The Power Of Light
Most burglaries take place during the daytime hours when homes and apartments aren’t likely to be occupied. But the cover of darkness affords no less opportunity for the burglar. How do you fight back? With lights, strategically placed and designed. Here are some tips:
- Buy outdoor lights with photoelectric cells that turn on automatically at dark and go off at dawn. This way, you won’t forget to leave your lights on during the day, a clue that you may be on vacation.
- Don’t mount all your outdoor light fixtures at a level that makes it easy for burglars to unscrew the light bulbs. Include installations mounted on the gable of a roof or garage.
- Attach flashers to your alarm system. When set off by a break-in, blinking flood lights will alert your neighbors that a burglary is in progress.
- Total darkness in a home is an invitation for burglars to strike. Leaving a single light on is not much better. Use automatic timers that simulate normal lighting patterns at staggered intervals.
- A brightly lit lawn is no guarantee that a burglar won’t strike, especially when the lighting system is not strategically positioned. Example: burglars will often use the dark shadows that bright light creates along the side of the house, say, near a bedroom window.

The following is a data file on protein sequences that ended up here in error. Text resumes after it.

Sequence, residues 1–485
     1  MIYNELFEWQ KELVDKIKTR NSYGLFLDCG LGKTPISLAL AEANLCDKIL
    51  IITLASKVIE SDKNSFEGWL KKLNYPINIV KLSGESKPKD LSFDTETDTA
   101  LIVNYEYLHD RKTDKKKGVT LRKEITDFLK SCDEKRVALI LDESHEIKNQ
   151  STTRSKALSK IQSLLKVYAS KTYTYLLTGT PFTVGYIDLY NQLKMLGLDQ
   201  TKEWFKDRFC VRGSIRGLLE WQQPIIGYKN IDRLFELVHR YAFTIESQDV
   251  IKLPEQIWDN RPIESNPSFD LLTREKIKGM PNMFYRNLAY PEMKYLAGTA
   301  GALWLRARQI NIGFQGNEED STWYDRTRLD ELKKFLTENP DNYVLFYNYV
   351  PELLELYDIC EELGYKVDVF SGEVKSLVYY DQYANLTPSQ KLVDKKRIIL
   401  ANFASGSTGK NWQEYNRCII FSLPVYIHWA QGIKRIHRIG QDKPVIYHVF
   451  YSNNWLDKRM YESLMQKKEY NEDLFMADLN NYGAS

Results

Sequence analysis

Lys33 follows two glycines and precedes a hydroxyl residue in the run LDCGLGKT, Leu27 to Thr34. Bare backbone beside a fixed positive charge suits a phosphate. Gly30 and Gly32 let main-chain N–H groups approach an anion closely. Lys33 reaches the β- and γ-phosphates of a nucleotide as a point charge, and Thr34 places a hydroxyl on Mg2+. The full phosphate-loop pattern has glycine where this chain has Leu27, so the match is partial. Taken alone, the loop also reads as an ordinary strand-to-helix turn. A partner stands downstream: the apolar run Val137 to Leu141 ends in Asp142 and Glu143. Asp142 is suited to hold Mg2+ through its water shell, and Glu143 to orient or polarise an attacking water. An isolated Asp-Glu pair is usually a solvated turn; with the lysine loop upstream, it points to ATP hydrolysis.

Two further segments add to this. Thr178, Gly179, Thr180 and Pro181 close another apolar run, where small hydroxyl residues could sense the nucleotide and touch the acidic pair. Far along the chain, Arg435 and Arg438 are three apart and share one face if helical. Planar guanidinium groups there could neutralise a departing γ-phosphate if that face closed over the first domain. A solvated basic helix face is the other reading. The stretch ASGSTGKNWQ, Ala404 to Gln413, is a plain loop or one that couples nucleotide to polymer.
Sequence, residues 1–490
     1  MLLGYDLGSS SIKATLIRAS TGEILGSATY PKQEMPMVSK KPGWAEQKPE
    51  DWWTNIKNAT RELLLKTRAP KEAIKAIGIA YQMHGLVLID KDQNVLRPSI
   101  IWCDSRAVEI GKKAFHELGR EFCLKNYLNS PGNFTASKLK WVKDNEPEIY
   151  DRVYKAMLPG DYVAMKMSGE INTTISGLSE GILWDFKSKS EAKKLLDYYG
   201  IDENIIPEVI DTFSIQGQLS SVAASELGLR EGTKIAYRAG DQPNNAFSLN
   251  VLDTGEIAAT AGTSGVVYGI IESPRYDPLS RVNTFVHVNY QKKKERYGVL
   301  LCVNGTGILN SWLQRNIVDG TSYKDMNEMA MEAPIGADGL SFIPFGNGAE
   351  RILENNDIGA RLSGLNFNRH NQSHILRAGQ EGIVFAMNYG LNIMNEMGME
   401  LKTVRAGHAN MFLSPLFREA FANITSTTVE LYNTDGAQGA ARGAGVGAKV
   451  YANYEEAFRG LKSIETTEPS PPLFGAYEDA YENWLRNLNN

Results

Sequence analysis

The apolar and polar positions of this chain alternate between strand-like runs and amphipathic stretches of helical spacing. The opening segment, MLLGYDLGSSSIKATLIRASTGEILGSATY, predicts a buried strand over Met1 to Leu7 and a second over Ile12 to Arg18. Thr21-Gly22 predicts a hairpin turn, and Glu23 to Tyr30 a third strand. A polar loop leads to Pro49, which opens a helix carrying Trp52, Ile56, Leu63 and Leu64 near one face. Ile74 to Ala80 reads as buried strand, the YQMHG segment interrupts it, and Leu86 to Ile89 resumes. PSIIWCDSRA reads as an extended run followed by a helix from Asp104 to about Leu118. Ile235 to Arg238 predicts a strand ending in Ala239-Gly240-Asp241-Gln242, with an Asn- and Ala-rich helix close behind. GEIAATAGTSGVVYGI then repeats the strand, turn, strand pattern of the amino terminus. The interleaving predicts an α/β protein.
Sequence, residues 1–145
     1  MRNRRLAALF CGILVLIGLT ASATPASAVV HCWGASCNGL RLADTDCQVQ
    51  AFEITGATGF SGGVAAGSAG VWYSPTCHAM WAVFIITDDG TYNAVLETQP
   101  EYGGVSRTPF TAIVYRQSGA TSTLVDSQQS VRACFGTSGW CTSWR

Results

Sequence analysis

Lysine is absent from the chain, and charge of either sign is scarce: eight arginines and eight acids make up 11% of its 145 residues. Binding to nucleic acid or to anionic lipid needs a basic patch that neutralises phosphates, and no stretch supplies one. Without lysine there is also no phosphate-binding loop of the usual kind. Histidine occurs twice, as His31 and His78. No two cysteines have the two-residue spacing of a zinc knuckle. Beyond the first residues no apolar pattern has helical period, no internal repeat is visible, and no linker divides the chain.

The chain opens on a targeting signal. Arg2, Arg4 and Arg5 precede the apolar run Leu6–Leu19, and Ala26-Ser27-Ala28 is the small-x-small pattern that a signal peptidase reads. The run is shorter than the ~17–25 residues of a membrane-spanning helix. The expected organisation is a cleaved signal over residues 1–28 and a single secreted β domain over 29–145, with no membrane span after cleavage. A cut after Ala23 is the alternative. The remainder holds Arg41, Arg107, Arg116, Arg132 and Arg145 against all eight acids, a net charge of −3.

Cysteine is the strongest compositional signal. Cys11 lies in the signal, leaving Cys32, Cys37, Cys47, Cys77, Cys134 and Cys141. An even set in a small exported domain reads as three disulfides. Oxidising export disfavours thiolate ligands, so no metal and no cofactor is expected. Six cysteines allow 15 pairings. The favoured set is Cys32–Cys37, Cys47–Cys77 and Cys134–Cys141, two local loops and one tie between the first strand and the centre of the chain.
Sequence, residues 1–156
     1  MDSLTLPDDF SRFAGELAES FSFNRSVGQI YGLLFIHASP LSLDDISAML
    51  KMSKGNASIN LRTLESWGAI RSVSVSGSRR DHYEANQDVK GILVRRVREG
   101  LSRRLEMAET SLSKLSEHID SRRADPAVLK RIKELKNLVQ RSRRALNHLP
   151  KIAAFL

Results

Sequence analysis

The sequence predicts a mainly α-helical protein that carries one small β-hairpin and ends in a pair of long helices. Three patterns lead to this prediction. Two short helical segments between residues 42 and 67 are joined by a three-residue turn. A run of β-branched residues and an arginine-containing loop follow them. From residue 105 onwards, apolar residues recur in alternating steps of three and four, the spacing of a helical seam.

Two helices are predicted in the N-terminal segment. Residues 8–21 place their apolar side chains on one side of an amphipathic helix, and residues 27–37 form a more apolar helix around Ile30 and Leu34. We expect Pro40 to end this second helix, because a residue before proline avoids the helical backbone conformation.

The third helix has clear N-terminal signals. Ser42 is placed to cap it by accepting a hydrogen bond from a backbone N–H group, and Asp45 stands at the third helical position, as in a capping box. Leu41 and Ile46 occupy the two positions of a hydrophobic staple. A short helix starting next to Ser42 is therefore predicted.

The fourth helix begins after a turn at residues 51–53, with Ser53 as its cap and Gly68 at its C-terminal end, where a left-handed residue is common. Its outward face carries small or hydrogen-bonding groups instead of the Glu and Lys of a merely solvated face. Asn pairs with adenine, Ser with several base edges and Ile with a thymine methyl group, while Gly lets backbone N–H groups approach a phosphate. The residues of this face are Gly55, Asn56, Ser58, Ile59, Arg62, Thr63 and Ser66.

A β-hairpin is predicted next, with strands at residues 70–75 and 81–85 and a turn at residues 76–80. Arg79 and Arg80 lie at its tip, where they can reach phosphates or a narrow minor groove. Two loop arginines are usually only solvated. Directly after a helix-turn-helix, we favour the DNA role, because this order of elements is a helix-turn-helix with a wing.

- Strongly consider the use of motion sensitive lights. They can highlight a trespasser, make his suspicious presence/activity stand out and draw attention to, as well as, unnerve him.
CITY OF OLATHE MUNICIPAL CODE
6.06.045 Unlawful Outdoor Illumination.
(a) No person shall install, maintain and/or use an outdoor visible light or other source of illumination which is on private property and produces glare or direct illumination across a property line in a residential area of such intensity that it creates a nuisance or unreasonably interferes with the use or enjoyment of adjacent property.
(b) Outside lights must be made up of a light source and reflector so that, acting together, the light beam is controlled and not directed across a property line.
(c) This section shall not apply to street lights or lights installed, maintained and used in connection with the use and operation of any outdoor stadium; amphitheater or athletic field.
(d) Unlawful outdoor illumination as defined by this section shall be deemed to be a "nuisance" under this chapter and to effect legal relief persons directly affected may sign a complaint in Municipal Court. (Ord. 94-60 § 1, 1994.)